1. Are you psychologically prepared to leave the house you’ve lived in for much of your adult life? Have you researched the area you intend to move to sufficiently to know what you’re getting yourself into?
2. Will the money you gain from selling your home affect your age pension entitlements? The Department of Human Services can provide more information on this.
3. Does the move put you closer to your grown children or further away, and how do you feel about that?
4. Do you grasp all the implications of selling before you buy, or buying before you sell? If there’s a big time lag between selling your old home and purchasing a new one, where will you live in the interim and how much will it cost?
5. Do you have the energy/money/time to complete the home improvements necessary to attract a better price for your home?
6. Do you own your house outright or are you still paying off the mortgage. How does this affect your downsizing options?
Downsizing in retirement to improve your lifestyle can work out quite well. Make you consider all the practical, financial and emotional aspects and seek expert advice. Getting a good price for your home can help free up money for travel and sensible investments. A move into a new place that’s cheaper and simpler to maintain can help your retirement nest egg last longer.
Dodgy investment schemes – a minefield for retirees
Retirees who have built up a comfortable level of financial security from investment property, home equity, superannuation, an inheritance or money in the bank want to make sure they make the most of this capital so it helps them down the track. So when a too-good-to-be-true investment opportunity comes along, sometimes it can be very tempting to jump in with both feet.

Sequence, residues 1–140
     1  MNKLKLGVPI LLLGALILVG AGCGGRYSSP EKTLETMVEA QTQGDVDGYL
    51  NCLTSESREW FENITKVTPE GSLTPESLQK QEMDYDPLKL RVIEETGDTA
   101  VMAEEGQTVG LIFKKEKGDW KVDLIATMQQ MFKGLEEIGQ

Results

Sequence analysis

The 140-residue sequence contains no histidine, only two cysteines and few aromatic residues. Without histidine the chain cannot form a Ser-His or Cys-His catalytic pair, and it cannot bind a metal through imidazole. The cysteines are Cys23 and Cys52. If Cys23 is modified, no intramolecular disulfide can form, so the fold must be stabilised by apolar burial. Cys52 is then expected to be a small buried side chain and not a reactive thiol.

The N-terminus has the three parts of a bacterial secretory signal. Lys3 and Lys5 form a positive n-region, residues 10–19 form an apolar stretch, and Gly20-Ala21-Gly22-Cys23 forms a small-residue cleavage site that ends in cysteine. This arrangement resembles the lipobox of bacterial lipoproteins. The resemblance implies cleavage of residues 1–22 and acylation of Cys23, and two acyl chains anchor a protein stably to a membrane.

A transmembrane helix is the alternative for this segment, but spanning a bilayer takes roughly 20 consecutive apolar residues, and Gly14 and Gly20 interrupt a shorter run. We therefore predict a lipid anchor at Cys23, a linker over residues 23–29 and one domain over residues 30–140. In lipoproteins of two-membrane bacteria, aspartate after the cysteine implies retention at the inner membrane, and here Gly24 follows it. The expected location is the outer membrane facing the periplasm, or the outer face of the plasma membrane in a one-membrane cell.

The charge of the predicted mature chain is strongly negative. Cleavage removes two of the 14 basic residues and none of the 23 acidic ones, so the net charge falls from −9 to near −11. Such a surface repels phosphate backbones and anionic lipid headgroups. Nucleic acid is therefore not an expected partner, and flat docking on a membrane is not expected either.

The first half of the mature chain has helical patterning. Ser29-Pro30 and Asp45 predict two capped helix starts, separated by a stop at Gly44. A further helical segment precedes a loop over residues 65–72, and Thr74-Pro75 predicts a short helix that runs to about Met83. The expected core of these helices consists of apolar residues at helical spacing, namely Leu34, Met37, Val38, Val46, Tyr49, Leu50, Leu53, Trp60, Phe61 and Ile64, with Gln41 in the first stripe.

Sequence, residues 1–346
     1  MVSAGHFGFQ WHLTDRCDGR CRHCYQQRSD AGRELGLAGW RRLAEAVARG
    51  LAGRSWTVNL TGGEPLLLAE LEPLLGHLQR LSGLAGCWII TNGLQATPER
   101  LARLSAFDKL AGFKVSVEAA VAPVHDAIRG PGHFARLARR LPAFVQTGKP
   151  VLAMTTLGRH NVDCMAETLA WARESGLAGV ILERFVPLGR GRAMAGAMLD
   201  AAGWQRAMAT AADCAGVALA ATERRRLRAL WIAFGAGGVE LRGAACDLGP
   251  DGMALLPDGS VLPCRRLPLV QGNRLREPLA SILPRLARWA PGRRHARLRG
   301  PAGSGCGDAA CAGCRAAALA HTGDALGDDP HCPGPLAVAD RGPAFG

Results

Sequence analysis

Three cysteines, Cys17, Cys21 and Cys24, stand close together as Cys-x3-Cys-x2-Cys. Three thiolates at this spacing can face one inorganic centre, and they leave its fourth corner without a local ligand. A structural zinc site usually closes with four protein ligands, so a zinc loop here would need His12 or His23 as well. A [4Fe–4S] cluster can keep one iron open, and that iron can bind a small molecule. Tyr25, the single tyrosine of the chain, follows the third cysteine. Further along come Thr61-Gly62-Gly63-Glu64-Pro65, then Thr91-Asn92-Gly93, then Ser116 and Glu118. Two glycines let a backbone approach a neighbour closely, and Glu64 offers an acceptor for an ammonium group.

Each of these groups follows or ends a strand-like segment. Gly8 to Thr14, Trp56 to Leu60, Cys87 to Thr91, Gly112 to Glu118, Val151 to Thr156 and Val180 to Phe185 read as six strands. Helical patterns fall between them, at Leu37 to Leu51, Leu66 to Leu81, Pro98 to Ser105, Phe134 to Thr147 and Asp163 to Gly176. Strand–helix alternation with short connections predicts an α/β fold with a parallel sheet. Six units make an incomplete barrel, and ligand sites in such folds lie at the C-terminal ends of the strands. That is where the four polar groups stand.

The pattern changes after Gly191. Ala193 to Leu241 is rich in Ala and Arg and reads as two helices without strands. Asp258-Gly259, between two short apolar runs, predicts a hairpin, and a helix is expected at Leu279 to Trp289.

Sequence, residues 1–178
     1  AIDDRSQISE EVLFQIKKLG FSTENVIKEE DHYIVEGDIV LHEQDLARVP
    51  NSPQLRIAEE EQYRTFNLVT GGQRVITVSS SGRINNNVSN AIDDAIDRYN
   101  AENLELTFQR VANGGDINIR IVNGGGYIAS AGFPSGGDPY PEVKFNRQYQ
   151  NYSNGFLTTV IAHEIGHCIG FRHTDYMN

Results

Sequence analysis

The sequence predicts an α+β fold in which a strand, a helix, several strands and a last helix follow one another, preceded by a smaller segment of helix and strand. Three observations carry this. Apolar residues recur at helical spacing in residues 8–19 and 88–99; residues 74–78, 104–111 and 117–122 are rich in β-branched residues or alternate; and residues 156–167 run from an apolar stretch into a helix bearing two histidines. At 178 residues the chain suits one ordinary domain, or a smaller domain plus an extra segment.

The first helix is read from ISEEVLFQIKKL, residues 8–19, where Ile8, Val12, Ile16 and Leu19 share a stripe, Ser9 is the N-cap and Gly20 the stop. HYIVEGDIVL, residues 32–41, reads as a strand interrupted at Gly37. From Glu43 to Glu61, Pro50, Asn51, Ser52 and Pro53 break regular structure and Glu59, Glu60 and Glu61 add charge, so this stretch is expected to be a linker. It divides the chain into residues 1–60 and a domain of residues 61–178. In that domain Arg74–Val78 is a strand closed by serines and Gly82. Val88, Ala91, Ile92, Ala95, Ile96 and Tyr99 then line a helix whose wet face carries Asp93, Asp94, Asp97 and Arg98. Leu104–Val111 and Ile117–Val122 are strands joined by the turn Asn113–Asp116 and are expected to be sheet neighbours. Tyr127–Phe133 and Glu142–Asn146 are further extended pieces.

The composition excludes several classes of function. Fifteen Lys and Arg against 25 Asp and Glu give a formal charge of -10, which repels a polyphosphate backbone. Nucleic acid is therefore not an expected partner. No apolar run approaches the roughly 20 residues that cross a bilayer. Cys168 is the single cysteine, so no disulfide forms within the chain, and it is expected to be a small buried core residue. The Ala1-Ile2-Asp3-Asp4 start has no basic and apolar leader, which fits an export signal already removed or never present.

Older Australians are a prime target for investment scammers offering ‘amazing returns’ and ‘guaranteed profits’. These tricksters are very skilled at separating people from their hard-earned cash so always do your research. Consult the experts and take your time before making any serious investment decision.
Older Australians are a prime target for investment scammers offering ‘amazing returns’ and ‘guaranteed profits’. These tricksters are very skilled at separating people from their hard-earned cash so always do your research. Consult the experts and take your time before making any serious investment decision. ASIC (Australian Securities and Investment Commission) has a handy MoneySmart website that offers solid advice on how to avoid investment scams, as well as other useful information to help retirees manage their finances. A bad investment can certainly become the ‘hidden retirement cost’ that you never planned for, so be careful!